In features department, the Centuro is way ahead of the competition – Mahindra offers so much more than its competition that I am actually worried that they might not make enough on every unit sold. The thing is Mahindra is currently looking to establish itself in the two-wheeler market and these extras are supposed to help them against the brand value of Hero and Honda.
Unlike a regular bike key, the Centuro comes with flip-key similar to the ones offered by a few premium-car manufacturers. The similarities don’t end there; the key has a button that triggers alarm and LED lights so that it becomes easier to locate the motorcycle in crowed parking lot. The quality is economy class – after all it is an 110cc commuter bike, but both the bike keys are similar key-fobs with 96-bit secure access that raise an alarm if you insert a duplicate.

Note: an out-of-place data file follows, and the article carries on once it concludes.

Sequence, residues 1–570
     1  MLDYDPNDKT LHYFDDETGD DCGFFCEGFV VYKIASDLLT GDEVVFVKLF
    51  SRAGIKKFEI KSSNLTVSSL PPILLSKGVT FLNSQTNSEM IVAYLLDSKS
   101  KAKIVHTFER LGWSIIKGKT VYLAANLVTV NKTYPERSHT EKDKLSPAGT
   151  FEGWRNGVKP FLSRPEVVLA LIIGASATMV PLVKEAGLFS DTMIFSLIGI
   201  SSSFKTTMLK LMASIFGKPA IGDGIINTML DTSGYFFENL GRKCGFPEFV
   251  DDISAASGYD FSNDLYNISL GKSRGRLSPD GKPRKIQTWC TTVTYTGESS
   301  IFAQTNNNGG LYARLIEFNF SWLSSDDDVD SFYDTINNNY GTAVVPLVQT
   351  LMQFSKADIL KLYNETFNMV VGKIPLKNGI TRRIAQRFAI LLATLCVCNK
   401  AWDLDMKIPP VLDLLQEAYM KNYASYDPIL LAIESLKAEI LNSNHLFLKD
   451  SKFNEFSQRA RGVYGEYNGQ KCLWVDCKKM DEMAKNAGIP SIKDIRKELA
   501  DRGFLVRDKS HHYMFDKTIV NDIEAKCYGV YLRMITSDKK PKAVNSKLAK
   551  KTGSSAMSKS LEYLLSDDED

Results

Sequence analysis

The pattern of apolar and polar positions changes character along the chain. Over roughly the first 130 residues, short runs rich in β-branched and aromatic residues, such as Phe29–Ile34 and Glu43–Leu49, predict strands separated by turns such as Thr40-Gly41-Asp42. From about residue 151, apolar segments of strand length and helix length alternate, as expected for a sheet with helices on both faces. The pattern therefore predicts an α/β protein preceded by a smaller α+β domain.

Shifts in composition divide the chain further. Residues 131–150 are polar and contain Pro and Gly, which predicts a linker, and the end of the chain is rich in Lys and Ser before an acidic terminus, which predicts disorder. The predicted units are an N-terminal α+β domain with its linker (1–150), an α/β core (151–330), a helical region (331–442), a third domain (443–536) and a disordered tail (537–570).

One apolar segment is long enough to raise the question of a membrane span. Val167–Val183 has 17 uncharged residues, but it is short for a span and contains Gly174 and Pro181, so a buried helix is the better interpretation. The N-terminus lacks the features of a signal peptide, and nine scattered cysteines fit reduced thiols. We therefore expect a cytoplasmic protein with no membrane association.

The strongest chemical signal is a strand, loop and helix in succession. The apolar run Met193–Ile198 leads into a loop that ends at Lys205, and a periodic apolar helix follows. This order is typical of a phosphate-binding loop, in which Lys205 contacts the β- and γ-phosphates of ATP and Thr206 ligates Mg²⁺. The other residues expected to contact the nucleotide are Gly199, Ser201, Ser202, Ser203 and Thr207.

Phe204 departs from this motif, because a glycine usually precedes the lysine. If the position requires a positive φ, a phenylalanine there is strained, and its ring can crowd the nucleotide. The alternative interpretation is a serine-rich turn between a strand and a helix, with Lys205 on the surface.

The instrument cluster is also very detailed. It is split into three parts – the left part has distance to empty and fuel gauge, the middle part of the console hosts digital speedo meter, tachometer and service indicator, while the other end lets you toggle between clock, trip meter and odometer. The indicator lamps with sit above the main cluster on both sides in perfect pattern, but the over plastic quality of this console is one of our very few complains.